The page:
The four dining companies involved in the Request for Proposals (RFP) process are Sodexo, Compass Group, Aramark Corporation and CulinArt Group, according to Deming Yaun, University Dining Contract Liaison. The proposals will now be due Feb. 19, instead of a previous Feb. 16 deadline.
In an interview with The Fordham Ram, Yaun said that the decision to terminate Sodexo’s contract was a mutual one.
“Its unfortunate that there have been some challenges and while some of those appear to have been resolving, we thought we really need to take a time out,” said Yaun.
Three of the four companies involved in the RFP process are in the top 50 largest U.S. foodservice management companies, according to a Food Management ranking released in 2012. Sodexo, Inc. is third, Aramark Corp. is second and Compass Group North America is the first largest.
CulinArt is a smaller company, operating out of Plainview, New York. Yaun had previously worked for Aramark and Sodexo, but was not familiar with CulinArt.
“CulinArt is new to me and very fascinating to work with,” said Yaun.
Sodexo’s contract with Fordham is to be terminated June 30, 2016. A contract from 2013 stipulated that if Sodexo had not removed itself from The Princeton Review’s “Is It Food?” rankings by August of 2016, the company would incur a $3 million financial penalty. Fordham’s dining services ranked 13 on that list this year.
Under this new agreement, Sodexo will avoid that penalty.
Yaun said that this was because of timing.
“Our fiscal year ends June 30,” said Yaun. “There is no good time, but it is just about the slowest point of the year, so if we brought in a new company, we want representatives on campus early if we make the change. We did not want to wait till June 30, 2017 for a renewed approach to Fordham dining. Those factors overrode our decision to stay to that commitment.”
Additionally, the timing of The Princeton Review surveys played a role. Fordham and Sodexo had made the 2013 contract anticipating The Princeton Review would publish in August 2016, according to Yaun.
“We are not going to be surveyed before August 2016,” Yaun explained. “At the time that date was selected, we were looking at being surveyed October 2015, with the results published in August 2016. They only publish once a year, so it made sense at the time. So we went for the early survey in February, because we were confident since our [internal survey] scores had gone up so high.”
“We did better, but we didn’t do as well as we would have liked.”
Sodexo might face smaller financial penalties due to other Key Risk Indicator goals, which include overall satisfaction, speed of service, friendliness of staff, ability to answer questions and customer knowledge of how to report feedback.
“We do have our annual scores that we agreed to last May on all of these criteria. Those add up to a much smaller penalty if they’re all enacted. But, they could incur a penalty for those,” said Yaun.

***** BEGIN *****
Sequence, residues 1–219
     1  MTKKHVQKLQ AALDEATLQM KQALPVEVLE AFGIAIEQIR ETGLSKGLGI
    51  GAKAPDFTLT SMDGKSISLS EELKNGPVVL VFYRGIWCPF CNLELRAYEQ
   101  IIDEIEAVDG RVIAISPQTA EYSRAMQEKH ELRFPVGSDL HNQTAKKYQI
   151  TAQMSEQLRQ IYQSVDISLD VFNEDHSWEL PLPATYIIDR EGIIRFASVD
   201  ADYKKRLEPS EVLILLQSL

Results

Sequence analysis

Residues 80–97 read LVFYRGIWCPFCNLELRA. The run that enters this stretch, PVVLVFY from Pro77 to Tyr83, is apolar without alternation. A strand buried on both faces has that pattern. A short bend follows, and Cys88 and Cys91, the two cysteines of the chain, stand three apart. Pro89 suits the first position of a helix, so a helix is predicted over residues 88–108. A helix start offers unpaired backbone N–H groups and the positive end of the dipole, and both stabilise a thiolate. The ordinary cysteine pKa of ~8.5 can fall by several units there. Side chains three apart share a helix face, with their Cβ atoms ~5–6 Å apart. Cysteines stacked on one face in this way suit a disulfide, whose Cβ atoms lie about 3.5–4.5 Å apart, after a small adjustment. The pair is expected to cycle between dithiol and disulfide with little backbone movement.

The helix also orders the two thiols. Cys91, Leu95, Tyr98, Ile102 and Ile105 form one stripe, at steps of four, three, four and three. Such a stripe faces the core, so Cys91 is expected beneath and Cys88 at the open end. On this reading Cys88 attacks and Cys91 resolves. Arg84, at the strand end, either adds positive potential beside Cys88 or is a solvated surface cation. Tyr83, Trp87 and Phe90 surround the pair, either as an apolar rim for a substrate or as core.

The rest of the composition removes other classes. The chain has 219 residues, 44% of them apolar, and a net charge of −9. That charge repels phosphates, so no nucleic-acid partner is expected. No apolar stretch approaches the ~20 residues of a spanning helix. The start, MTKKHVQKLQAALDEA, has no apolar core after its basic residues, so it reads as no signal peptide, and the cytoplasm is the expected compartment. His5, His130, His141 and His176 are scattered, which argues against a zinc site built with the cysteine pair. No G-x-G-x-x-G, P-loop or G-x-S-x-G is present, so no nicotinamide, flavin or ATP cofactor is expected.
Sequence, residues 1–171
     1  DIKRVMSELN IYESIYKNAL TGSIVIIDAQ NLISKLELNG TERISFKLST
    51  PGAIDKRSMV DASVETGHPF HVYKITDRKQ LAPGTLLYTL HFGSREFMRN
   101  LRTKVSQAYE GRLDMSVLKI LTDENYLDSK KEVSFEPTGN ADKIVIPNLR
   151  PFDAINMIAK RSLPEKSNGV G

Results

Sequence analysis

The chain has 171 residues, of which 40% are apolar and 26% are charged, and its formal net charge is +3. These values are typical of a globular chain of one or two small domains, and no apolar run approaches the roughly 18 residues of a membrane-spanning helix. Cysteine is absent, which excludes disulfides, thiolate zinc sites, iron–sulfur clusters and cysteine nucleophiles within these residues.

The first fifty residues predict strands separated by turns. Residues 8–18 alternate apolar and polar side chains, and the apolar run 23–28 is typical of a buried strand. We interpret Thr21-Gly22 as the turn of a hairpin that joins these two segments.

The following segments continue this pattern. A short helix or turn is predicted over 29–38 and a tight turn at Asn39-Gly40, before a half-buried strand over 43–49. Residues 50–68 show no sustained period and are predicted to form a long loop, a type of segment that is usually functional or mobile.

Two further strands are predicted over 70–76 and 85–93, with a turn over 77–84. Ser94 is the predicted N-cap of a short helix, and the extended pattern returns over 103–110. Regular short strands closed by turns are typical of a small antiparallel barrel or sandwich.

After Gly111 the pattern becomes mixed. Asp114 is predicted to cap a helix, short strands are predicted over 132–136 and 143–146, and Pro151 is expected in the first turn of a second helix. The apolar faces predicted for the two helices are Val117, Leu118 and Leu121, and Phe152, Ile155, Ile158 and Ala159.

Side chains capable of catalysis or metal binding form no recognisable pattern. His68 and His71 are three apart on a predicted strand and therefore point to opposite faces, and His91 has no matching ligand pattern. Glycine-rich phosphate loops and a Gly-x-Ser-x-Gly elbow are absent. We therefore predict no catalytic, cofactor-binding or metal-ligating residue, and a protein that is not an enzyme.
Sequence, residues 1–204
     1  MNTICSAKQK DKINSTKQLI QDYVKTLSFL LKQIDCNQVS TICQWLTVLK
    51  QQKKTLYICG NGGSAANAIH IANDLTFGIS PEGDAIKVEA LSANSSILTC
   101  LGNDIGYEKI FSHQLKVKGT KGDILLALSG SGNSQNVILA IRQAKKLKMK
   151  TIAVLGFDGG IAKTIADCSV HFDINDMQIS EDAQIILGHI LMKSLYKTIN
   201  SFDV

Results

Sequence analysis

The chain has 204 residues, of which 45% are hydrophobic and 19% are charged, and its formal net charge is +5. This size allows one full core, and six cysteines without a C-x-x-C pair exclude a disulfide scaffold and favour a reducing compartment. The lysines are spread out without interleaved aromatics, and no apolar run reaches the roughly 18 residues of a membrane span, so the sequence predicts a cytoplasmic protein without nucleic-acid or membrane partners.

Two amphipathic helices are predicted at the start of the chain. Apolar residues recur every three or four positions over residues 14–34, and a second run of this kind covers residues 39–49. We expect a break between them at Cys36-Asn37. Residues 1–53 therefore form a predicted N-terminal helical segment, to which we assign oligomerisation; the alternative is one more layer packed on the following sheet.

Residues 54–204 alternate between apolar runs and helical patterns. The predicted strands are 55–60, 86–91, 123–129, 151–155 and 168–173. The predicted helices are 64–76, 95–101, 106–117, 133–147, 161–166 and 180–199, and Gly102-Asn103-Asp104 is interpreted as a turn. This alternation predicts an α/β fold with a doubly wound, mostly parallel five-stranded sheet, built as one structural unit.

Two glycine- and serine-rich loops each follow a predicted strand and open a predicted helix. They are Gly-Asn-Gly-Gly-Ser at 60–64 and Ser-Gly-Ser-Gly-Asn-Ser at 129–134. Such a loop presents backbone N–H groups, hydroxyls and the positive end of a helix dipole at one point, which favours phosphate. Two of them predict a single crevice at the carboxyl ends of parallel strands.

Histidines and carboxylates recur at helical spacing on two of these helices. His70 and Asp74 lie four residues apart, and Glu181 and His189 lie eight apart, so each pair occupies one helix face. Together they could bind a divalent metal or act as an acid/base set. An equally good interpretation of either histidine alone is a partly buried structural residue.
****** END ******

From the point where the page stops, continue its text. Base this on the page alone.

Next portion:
Yaun also discussed discrepancies between Fordham’s presence on the worst food list rankings and internal surveys depicting around an 80 percent satisfied or highly satisfied rate in Fordham students.
“Go back to 2012 when we were number one on the worst food list. Our internal scores of overall satisfaction, students responding satisfied or highly satisfied, was four percent. So we matched, totally. We got up into the sixties in the subsequent years, and then the eighties. The Princeton Review does surveys every three years. So the only way we went from one to seven is that other schools came in worse.”
Yaun had questions regarding The Princeton Review’s survey mechanisms.
“Do they add new data to the old data, or are they just shoving out the old data and using the new?” Yaun said. “My guess is they’re adding it to the old, because how can there be this discrepancy. But, thats the thing that is public.”
An explanation on The Princeton Review’s website detailed its surveys.
“We conduct these ‘official surveys’ more often once every three years if the colleges request that we do so or if we deem it necessary for one reason or another,” it says.
“About 80 to 85 percent of students have indicated our profile on their school was ‘extremely’ or ‘very’ accurate.”
The proposals are now due Friday, Feb. 19 at noon. There are various criteria that must be addressed for the RFP outline.
For example, programmatic expectations include, but are not limited to, excellent quality and a culturally diverse menu. Fair wages, employee benefits and industry leading practices must be addressed in the proposals, amongst other human resources criteria.
Fordham University has one of the highest room and board rates in the country, but has been unable to get off The Princeton Review’s worst food list in the past few years.
Yaun said that an increase in retail sales would decrease food plan prices.
“The more we can do that, the more we can take the pressure off of resident dining,” Yaun said.
Among grievances about the food, the chance of dining services employees losing their jobs has concerned many students.
“I am not always thrilled with the food here, but I am concerned about losing the employees,” said Samantha Trabattoni, GSB ’19. “They’re so friendly and everyone is on a first name basis with them. It would be a shame to lose them.”
Yaun stated the likelihood that they will be rehired. “Generally, companies will typically keep the vast majority of the workers,” he said.
The companies will be having presentations of their proposals the week of March 7.
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